Summary Of Ain 'T No Makin' It By Jay Macleod

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Equality. Opportunity. Prosperity. The American Dream paints a vision in which each of these ideals are ever present and available to all individuals inside the vast border of the nation. The notion is that every individual can, through concentrated efforts and dedication, improve their own socioeconomic class and climb up the hierarchy. Social mobility is within the grasp of each person so long as they earnestly invest themselves. There exists, however, a dissonance between the achievement ideology and reality as discussed in Jay Macleod’s Ain’t No Makin’ It. In his book, Macleod perfors a longitudinal study over a group of young black men, the Brothers, living in the projects of Clarendon Heights and reveals the insidious social factors that…show more content…
The Brothers faced this challenge in their, largely, futile attempts to achieve middle class status through achieving a proper education. Macleod highlights that, historically, the “overall structure of class relations from one generation to the next” is extremely reluctant to change(4). The Brothers evince this in their inability to earn work with greater wages than their parents, forcing them to live in working class neighborhoods like they did. Although some of the Brothers did manage to obtain middle class work, they struggled to keep those jobs as they either got laid off or were pressured out believing that they just didn’t fit in the workplace environment- though this is largely in fact due to differences in cultural capital, knowledge, disposition, and skills passed on generationally, that arise from the different upbringings of the supervisors and the Brothers. Moreover, differences in cultural capital makes the structures of inequality extremely stable as working class individuals struggle to match the syntactic and lexical constructions of the upper socioeconomic classes. While the those on top utilize elaborated codes that express unique perspectives, the working class grow up learning a restricted code that is context dependant. Schools also enforce an elaborated code, causing working class students such as the Brothers to struggle in school, lacking the cultural capital…show more content…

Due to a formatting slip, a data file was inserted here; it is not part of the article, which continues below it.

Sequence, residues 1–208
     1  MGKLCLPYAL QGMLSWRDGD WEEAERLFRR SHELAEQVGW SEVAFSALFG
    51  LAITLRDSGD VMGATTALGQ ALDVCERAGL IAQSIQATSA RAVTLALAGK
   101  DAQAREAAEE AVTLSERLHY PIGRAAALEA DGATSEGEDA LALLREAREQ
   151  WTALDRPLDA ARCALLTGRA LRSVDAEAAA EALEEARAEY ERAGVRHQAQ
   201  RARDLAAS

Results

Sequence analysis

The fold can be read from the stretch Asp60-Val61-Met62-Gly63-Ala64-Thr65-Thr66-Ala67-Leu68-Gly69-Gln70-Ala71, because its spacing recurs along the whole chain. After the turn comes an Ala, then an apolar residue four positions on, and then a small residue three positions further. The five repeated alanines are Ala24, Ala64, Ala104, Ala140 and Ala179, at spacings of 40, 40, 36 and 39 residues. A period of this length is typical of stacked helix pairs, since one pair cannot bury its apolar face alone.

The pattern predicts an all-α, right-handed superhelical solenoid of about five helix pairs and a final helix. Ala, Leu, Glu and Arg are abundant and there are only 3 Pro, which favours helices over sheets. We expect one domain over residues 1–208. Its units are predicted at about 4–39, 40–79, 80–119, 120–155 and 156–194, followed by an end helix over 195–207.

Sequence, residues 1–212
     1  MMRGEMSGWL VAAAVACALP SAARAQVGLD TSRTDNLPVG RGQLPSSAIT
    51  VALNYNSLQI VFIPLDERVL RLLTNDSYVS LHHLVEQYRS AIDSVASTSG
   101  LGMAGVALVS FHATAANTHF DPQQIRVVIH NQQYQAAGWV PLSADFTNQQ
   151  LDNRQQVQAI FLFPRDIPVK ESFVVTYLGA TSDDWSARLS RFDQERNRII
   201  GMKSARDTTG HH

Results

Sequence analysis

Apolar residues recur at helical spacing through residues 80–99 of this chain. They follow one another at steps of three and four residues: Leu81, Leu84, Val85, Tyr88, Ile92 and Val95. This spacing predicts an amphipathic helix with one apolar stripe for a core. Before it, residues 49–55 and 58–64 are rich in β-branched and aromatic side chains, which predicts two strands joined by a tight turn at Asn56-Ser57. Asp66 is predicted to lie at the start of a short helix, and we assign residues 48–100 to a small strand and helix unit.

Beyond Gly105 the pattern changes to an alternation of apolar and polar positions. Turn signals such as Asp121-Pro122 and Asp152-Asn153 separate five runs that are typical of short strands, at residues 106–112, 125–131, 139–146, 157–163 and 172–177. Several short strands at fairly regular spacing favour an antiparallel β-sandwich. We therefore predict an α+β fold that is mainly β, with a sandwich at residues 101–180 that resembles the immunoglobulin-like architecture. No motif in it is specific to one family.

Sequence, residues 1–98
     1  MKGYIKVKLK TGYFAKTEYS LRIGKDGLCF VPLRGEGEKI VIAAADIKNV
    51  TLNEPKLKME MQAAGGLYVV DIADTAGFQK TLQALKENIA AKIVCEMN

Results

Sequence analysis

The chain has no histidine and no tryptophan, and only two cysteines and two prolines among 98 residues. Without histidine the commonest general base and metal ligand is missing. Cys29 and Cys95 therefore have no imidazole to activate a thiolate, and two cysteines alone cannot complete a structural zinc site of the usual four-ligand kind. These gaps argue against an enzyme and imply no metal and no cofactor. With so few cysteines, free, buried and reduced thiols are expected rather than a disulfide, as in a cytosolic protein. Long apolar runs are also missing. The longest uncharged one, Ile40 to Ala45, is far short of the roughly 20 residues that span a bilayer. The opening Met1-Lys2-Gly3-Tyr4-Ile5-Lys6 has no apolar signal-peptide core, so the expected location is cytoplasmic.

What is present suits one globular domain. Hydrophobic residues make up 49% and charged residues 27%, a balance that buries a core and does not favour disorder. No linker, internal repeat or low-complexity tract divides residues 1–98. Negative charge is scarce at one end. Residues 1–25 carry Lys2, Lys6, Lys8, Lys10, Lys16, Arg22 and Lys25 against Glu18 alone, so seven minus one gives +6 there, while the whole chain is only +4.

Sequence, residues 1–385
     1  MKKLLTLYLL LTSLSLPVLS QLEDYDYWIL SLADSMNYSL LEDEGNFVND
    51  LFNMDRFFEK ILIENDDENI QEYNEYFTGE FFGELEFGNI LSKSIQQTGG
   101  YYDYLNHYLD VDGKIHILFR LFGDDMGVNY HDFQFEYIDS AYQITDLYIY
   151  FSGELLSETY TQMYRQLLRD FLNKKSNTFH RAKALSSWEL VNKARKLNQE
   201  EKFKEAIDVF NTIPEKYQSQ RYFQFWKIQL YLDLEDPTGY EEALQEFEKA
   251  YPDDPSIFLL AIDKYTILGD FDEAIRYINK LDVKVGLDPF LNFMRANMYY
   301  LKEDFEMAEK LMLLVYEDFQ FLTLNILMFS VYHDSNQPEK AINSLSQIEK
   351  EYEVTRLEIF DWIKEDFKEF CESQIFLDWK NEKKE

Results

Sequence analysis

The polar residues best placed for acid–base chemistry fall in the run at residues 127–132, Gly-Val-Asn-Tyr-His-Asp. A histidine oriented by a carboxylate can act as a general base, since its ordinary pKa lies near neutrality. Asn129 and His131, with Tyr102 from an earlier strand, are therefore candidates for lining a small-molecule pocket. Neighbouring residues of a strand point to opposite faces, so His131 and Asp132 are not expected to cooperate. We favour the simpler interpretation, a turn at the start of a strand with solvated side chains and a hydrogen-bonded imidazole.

In it, Macleod evinces how inequality is supported by those at the top and the bottom and how the structure of inequality itself is stagnant. Through the young working class men dubbed the Brothers, Jay Macleod illustrates the hopelessness in their attempts at Makin’
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